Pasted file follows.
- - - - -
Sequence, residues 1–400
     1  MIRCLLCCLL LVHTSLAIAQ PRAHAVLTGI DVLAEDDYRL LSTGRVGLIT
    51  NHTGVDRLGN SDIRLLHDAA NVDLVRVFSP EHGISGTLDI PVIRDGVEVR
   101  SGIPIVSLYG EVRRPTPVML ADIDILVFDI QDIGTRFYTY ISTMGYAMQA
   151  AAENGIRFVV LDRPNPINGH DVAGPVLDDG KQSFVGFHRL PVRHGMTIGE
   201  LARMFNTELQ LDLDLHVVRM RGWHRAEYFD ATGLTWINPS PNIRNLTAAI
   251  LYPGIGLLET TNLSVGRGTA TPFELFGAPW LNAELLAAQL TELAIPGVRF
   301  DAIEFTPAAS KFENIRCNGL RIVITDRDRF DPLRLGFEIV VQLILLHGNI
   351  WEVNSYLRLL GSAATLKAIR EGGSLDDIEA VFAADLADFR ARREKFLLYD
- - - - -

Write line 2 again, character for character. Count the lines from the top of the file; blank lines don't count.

     1  MIRCLLCCLL LVHTSLAIAQ PRAHAVLTGI DVLAEDDYRL LSTGRVGLIT